build

How To: Build Pine Litter Boxes

Litter training a chinchilla is possible, but success depends on your chinchilla’s personality. A chin that likes order in their home will typically be well-receptive to training, whereas the more throw-caution-to-the-wind personalities might not take to litter boxes quite as well. Still, there are a few tips that may help the success of training – the most important of which is the litter box, repetition, and consistency. Of course, the training we’re talking about is for #1 only! 😉

Boxes

So, while I’m in the process of changing cages (yes, it’s happening and no, I’m not entirely sure how I feel about it yet), I decided to re-imagine my litter boxes. In my custom cages, I had pseudo litter boxes, sectioning off a corner of each cage with pine frames and filling it with chinchilla-safe bedding. My favorite bedding is Eco-Bedding: a safe, recycled bedding that resembles crinkled recycled paper (or, actually, that’s exactly what it is). The chins have been using it for so long that they no longer have any impulse to snack on their bedding. Anyway, I’d decided a while back to construct pine litter boxes in place of the faux box structure, and this is what I came up with!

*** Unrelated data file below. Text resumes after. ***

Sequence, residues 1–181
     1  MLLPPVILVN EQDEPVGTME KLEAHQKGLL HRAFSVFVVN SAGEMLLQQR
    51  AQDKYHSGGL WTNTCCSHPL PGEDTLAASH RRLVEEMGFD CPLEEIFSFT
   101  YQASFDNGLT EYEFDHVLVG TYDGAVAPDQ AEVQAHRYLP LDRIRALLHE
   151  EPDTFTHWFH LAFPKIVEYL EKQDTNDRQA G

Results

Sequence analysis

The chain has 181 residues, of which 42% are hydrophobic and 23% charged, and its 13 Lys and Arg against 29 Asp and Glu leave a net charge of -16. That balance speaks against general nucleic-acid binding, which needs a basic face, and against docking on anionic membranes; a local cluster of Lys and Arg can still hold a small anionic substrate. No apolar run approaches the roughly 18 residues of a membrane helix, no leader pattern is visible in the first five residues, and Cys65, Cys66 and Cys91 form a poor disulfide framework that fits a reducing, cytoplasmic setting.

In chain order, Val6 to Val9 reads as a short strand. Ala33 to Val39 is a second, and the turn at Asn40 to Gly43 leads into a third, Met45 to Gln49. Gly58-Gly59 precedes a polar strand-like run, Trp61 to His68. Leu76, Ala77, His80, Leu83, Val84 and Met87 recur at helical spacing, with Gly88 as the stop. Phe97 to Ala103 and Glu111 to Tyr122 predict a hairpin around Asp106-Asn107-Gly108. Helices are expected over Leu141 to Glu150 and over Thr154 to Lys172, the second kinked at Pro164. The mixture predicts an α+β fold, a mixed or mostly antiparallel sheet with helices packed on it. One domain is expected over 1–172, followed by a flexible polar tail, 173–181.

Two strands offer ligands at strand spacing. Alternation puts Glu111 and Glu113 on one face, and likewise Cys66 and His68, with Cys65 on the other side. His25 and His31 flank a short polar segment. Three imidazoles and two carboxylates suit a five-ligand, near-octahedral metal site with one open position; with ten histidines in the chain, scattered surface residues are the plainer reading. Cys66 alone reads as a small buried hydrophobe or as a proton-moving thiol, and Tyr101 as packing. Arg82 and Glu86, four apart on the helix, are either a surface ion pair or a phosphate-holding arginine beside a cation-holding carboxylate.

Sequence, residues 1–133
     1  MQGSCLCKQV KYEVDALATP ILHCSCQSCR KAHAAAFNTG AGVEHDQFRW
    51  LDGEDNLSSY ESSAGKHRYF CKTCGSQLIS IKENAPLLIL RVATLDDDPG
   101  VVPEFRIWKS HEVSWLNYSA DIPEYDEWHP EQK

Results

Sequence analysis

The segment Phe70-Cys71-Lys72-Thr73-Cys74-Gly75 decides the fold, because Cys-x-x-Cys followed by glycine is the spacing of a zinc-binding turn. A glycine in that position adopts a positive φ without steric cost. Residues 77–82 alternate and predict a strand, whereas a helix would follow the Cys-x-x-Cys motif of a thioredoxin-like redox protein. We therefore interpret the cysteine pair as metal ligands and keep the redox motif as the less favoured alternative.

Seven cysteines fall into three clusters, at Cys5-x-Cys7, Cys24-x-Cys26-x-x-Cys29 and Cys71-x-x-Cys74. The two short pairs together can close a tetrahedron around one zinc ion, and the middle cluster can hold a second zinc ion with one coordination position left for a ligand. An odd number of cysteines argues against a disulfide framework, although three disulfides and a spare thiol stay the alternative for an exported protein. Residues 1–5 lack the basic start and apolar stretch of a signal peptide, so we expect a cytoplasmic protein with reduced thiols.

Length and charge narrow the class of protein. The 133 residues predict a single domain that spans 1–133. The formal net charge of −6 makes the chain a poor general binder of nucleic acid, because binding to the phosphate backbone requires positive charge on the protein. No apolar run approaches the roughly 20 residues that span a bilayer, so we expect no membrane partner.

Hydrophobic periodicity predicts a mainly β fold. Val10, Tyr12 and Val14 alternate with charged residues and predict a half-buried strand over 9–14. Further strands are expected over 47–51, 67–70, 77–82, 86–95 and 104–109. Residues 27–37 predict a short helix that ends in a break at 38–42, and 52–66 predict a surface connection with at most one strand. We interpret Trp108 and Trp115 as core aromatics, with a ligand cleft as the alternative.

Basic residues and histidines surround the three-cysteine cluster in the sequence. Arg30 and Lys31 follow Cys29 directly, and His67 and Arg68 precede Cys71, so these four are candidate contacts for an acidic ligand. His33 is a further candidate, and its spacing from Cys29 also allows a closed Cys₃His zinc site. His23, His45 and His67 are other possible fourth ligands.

Litter Box

Step 1: Tools!

  • Kiln-dried pine. For each box, I used 2 pieces at 6.5″ x  .75″ x 1.5″ and 2 pieces at 8″ x  .75″ x 1.5″ – however, any lengths that will form your desired shape (triangle, square, rectangle, etc) will work. Try to make sure the surface area is high in relation to the height, so that it would be very difficult for your chin to flip the box over. Use a jigsaw to cut the wood to your desired lengths.
  • Drill & Screws
  • Cardboard & Box Cutter
  • Staple Gun & Hammer
  • Eye Hooks / Alternative: Machine Screw, Wing Nut, and Washer

Tools Box

Step 2: Construct!